August 13, 2012
They don’t make volunteers like they used to. On August 17, 1946, First Sergeant Lawrence Lambert became the first person in the United States to be shot out of a speeding aircraft.
His shot (as in “out of a cannon”; at least that’s what it must have felt like) was the first U.S. manned test of an ejection seat. U.S. Air Force source documents note that Lambert’s P-61 was traveling more than 300 miles per hour, at an altitude of 6,000 feet. “Lambert was thrown approximately 40 feet in the air at a speed of nearly 40 miles an hour for that distance,” notes the report. “The ejector seat shoots a pilot straight up at a speed of approximately 60 feet per second. Though this is only about 40 miles per hour, the speed must be reach[ed] almost instantly, and this entails a rapid acceleration and thus a terrific strain. The acceleration increases a man’s weight momentarily. A 200-pound man might weigh nearly two tons at the acceleration used by the ejector.” Lambert experienced between 12 to 14 Gs as he ejected; he cleared the P-61′s tail fin by a mere 20 feet.
For this test, Lambert received the Distinguished Flying Cross. The recommendation for the citation, put forward by Colonel C.K. Moore, reads in part, “Sergeant Lambert’s courageous acceptance of this responsibility and successful demonstration of the highly experimental equipment has helped to solve one of the most acute problems faced by the Army Air Forces—the escape of personnel from the high speed aircraft in present operation and aircraft of higher speeds to come. His achievement has immeasurably advanced aerodynamic and medical knowledge and will make possible improved methods of escape heretofore unknown.”
Watch another ejection from a P-61, here:
January 11, 2012
Robert K. Smyth learned to fly in the U.S. Navy, where he flew fighter aircraft from the F8F Bearcat to McDonnell F2H Banshees, one of the first carrier-borne jets. In 1952, he successfully completed the Navy’s Test Pilot School and eventually left the service in 1955.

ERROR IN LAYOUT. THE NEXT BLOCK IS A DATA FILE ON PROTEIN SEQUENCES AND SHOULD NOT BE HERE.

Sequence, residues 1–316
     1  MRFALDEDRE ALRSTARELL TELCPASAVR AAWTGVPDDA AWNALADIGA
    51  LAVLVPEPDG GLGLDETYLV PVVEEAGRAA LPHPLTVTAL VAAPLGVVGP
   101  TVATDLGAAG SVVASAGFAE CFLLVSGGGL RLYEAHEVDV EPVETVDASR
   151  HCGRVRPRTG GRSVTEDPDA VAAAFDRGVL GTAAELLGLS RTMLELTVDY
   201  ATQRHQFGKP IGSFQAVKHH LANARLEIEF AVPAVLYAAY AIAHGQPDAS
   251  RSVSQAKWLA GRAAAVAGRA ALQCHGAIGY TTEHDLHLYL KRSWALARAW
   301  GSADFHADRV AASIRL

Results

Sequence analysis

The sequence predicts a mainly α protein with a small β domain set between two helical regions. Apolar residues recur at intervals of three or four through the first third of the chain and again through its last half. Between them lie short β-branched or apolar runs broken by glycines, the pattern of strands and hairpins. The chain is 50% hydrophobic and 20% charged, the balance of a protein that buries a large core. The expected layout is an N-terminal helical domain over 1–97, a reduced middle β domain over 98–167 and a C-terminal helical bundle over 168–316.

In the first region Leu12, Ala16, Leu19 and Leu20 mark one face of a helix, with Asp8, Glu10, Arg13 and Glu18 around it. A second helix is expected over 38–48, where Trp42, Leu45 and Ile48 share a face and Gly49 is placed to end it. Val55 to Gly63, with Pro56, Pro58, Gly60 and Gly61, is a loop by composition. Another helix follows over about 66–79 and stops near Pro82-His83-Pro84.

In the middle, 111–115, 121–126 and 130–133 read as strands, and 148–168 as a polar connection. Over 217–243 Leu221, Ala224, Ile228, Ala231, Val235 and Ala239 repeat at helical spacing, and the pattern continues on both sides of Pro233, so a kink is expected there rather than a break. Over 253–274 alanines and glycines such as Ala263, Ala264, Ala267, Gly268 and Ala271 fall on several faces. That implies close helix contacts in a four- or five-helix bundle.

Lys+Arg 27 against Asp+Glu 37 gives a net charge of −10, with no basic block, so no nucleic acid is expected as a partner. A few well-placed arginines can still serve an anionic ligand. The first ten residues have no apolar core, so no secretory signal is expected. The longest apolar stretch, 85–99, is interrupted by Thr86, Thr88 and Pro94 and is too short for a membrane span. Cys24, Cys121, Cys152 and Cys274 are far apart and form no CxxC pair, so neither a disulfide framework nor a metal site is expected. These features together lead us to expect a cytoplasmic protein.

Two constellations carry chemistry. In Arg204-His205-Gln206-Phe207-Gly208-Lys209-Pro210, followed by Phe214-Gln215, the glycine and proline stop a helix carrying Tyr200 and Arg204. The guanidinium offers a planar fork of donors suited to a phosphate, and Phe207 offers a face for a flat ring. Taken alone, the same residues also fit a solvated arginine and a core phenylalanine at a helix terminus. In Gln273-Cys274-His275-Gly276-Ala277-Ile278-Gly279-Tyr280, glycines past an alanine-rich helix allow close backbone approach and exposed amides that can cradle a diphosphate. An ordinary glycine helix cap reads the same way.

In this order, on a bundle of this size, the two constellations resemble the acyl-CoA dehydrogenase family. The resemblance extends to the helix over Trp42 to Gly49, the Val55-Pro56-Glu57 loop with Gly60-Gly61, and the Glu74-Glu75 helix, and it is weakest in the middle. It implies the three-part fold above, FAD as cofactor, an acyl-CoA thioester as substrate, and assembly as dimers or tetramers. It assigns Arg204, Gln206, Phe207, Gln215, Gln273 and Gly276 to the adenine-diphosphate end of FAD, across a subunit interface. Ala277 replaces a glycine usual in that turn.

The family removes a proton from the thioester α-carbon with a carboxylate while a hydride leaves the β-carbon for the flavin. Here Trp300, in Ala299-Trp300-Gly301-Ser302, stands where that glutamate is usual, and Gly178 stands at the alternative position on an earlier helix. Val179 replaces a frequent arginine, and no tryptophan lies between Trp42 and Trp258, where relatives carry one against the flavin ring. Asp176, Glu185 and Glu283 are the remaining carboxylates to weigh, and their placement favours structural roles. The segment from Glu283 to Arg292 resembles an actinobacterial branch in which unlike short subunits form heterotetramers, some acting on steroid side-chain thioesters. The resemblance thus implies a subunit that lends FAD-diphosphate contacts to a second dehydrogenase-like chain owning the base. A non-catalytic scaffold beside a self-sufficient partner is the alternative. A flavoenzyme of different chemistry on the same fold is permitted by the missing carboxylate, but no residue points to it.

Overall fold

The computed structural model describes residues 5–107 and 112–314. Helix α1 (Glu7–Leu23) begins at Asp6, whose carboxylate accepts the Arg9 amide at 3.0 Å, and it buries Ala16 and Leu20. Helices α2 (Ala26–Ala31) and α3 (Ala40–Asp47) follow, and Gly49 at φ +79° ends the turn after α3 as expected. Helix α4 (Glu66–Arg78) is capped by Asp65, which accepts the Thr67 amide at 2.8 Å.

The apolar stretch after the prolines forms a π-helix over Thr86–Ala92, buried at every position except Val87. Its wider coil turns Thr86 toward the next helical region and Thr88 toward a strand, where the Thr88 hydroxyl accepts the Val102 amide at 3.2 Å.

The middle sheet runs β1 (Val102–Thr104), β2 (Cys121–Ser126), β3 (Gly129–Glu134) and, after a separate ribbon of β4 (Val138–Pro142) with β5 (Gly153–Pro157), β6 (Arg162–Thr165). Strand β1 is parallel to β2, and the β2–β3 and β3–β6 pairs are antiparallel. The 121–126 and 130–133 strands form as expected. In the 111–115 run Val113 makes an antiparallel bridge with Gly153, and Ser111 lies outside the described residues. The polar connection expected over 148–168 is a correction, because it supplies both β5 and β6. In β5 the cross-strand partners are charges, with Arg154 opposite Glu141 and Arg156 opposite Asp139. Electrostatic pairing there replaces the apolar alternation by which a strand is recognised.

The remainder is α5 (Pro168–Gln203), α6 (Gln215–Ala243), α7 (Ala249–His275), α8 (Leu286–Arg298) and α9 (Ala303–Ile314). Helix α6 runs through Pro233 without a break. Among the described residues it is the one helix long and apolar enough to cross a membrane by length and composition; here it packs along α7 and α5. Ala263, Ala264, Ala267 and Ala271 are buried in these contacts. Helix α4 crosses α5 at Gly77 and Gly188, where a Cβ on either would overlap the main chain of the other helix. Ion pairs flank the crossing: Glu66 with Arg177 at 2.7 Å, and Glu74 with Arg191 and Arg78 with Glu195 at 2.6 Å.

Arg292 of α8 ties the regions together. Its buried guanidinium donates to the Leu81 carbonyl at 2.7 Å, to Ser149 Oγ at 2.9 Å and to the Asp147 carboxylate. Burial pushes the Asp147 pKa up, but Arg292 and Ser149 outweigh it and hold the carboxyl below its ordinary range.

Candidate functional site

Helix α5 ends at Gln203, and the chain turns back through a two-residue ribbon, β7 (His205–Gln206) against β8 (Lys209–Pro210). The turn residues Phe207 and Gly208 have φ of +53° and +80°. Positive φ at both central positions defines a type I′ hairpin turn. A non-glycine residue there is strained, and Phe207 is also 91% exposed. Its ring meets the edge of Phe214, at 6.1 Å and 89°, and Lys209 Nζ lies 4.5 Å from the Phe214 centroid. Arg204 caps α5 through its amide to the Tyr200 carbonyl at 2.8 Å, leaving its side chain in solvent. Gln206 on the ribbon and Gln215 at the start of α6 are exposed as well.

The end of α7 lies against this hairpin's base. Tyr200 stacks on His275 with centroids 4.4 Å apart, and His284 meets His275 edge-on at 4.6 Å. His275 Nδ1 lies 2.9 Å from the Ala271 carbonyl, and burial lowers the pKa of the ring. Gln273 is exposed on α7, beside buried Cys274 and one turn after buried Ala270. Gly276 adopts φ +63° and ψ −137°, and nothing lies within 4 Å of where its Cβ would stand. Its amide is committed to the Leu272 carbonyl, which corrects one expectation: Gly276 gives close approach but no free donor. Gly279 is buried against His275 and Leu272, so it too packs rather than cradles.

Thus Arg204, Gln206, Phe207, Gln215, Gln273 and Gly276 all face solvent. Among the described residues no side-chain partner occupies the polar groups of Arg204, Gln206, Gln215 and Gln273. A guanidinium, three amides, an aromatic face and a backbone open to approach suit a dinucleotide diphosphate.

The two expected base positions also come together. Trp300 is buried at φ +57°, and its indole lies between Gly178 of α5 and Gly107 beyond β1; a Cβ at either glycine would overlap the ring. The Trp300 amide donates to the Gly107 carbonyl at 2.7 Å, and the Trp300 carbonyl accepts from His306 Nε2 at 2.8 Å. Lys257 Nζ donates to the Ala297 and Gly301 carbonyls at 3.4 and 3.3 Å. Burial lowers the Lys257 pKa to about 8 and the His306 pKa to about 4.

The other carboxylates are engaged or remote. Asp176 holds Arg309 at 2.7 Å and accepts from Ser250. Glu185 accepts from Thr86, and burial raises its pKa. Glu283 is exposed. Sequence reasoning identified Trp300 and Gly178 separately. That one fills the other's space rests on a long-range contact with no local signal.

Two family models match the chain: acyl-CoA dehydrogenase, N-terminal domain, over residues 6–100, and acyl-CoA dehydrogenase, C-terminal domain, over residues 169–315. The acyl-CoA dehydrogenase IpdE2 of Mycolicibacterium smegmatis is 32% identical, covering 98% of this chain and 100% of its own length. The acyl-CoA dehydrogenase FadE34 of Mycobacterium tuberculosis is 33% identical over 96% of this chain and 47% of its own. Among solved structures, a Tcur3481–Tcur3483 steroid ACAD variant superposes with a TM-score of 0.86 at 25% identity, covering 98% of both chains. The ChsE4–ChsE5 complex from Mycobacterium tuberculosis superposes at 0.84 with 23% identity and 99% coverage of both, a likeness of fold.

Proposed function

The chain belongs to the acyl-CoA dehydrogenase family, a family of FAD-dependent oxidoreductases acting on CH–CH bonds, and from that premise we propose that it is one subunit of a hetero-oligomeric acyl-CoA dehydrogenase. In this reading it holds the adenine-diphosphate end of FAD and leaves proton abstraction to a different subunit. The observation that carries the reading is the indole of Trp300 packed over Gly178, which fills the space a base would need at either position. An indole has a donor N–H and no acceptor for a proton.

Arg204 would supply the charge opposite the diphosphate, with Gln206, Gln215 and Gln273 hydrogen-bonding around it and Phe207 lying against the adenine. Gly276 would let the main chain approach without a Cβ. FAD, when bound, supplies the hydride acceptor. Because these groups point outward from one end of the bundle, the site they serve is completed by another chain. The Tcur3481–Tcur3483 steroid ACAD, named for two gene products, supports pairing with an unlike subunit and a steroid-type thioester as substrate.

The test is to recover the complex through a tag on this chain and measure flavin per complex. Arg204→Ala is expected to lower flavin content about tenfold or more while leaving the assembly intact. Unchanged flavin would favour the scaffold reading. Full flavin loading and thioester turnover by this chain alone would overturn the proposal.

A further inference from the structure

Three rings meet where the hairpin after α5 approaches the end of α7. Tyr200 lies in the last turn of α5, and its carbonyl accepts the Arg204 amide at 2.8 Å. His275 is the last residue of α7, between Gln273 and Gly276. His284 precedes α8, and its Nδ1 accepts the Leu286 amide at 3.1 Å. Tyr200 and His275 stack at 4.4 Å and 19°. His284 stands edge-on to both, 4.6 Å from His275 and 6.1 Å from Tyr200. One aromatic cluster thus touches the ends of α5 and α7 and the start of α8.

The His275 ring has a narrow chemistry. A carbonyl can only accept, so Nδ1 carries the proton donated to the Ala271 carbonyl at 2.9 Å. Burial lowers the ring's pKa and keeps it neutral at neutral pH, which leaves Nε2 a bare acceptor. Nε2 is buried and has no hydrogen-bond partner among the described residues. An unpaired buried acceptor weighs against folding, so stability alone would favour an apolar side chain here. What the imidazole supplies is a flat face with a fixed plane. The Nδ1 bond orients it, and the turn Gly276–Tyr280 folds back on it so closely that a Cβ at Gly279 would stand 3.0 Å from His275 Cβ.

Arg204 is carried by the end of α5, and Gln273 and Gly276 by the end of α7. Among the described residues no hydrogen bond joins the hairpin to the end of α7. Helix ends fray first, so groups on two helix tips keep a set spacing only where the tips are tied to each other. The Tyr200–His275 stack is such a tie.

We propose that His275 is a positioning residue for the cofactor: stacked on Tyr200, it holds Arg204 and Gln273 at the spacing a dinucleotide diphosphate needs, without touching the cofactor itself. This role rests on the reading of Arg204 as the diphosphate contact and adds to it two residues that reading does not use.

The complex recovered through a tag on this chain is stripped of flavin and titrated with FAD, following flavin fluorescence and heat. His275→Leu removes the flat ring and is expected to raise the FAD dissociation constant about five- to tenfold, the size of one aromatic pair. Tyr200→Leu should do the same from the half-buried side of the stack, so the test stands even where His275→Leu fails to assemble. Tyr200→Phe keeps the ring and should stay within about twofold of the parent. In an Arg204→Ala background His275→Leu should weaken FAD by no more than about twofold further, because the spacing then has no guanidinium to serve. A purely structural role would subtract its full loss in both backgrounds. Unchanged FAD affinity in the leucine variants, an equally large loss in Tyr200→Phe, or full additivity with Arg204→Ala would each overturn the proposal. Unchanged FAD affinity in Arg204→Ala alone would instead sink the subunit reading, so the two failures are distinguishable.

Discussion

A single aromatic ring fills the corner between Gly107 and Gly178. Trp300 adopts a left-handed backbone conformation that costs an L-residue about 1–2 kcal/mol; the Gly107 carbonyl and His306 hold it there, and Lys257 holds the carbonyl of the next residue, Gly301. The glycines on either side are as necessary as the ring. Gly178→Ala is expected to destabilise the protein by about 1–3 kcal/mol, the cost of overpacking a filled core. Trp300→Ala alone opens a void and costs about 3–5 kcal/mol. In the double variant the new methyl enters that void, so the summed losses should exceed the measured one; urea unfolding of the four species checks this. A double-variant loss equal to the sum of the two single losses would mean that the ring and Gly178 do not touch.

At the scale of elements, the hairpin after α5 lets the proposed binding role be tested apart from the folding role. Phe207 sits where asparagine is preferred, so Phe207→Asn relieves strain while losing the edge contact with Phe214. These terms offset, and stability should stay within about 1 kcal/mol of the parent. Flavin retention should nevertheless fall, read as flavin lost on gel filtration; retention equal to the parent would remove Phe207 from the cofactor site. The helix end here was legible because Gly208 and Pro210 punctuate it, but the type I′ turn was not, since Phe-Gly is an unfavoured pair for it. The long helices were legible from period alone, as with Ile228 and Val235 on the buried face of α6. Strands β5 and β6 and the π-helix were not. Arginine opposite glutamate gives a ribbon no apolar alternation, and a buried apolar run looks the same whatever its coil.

He soon joined Grumman Aircraft Engineering Corpopration as an engineering test pilot, flying the F9F Cougar, F11F Tiger and A-6A Intruder. He also contributed to the certification of the Gulfstream I, a pioneering twin-turboprop business aircraft that led to the Gulfstream II, which became the first of a long line of twin-jet Gulfstream aircraft.
Smyth was instrumental in the development of the Apollo Lunar Module during the 1960s, and in 1967 he was appointed Grumman’s chief test pilot. He and Bill Miller crewed the first flight of the F-14A Tomcat in 1970, but made bigger headlines when he and Miller had to eject from the aircraft just nine days later. (Smyth spoke about his career at the National Air and Space Museum in 2007. You can watch an archived video here.)
He left Grumman to join Gulfstream Aerospace, which was no longer part of Grumman, in 1981 and set numerous records as vice president of flight operations. He retired in 1993 and moved to Florida, where he died on Tuesday at his home at the Leeward Air Ranch in Ocala. He is survived by his wife, Sally, who requests that friends remember her husband by contributing to the Hospice of Marion County.